Prosthetic joint infection(PJI) due to β-hemolytic streptococci (β-HS)

E. F. Berbari, M. C. Duffy, C. N. Morris, J. M. Steckelberg, A. D. Hanssen, D. R. Osmon

Research output: Contribution to journalArticle

Abstract

Objective: To determine the epidemiology and outcome of PJI episodes due to β-HS Methods: All patients with a total hip (THA) or total knee (TKA) arthroplasty infection due to β-HS according to a strict case definition, seen at our institution between 1969 and 1991 were identified and their medical records reviewed. Treatment failure was defined as reoccurrence of GBS PJI according to the original case definition. Results: Thirty one THA and 9 TKA infections due to β-HS in 34 patients were identified. There were 20 males and 20 females with a median age of 69 years (range 44-95). The median time between joint arthroplasty and PJI was 2.4 years (range 0.1-13.1). Of the 40 episodes of β-HS PJI, 22 (55 %) were due to group B Streptococci, 12 (30 %) to group G streptococci, 4 (10%) to group A streptococci and 2 (5%) to group C streptococci. A malignancy was present in 13 (32.5%) of the cases, diabetes mellitus in 6 (15%), and rheumatoid arthritis in 6 (15%). 1/9 (11%) of β-HS PJI treated with two-stage exchange arthroplasty, 0/17 (0%) treated with resection arthroplasy or arthrodesis, 2/11 (18.2%) treated with debridement and retention of the prosthesis and 1/3 (33.4%) treated with antimicrobial therapy alone developed treatment failure after a median follow-up of 4.0 years (range 0.12-12.62). Effective parenteral antimicrobial therapy was administered in 39/40 episodes (penicillin (55%), cefazolin (27.5%), other (17.5%) for a median of 29 days (range: 3-57). Chronic oral antimicrobial suppression was used in 7/11 cases treated with debridment and retention of the components and in 1/3 cases treated with antimicrobial therapy alone. Conclusion: PJI due to β-HS is rare. A variety of different surgical and medical management strategies, including debridment and retention of the prosthesis followed by chronic oral antimicrobial suppression may be useful in treating β-HS PJI.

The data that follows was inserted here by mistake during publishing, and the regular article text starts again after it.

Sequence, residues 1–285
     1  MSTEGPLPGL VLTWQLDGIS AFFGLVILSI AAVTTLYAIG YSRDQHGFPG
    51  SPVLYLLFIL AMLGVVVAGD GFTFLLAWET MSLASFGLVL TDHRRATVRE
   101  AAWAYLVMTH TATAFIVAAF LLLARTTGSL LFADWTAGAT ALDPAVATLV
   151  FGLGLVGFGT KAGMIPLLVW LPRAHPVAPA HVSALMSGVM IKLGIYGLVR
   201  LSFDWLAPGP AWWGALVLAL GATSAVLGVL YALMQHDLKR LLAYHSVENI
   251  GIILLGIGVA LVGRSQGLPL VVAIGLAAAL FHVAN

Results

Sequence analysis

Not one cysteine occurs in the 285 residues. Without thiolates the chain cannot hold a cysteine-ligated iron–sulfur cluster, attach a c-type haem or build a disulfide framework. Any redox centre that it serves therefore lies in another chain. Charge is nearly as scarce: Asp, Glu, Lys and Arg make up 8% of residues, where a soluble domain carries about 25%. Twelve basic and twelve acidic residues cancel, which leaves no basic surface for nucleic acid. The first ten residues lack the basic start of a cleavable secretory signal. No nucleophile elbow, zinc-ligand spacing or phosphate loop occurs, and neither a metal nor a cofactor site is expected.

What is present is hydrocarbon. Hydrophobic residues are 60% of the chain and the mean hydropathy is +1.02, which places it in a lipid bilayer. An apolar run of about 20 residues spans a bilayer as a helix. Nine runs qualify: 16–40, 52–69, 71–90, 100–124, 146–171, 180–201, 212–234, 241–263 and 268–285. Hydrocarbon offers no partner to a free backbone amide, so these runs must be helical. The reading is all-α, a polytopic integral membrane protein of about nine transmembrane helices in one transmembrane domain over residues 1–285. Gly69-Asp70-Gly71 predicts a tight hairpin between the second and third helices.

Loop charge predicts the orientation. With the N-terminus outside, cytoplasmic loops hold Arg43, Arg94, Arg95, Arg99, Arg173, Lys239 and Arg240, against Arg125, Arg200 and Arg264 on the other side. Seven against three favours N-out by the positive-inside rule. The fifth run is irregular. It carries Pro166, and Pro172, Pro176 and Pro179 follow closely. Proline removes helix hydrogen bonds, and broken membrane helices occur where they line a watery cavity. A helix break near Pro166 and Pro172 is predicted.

Original languageEnglish (US)
Pages (from-to)415
Number of pages1
JournalClinical Infectious Diseases
Volume25
Issue number2
StatePublished - 1997

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Streptococcus
Joints
Infection
Prosthesis Retention
Tacrine
Treatment Failure
Arthroplasty
Cefazolin
Knee Replacement Arthroplasties
Streptococcus agalactiae
Arthrodesis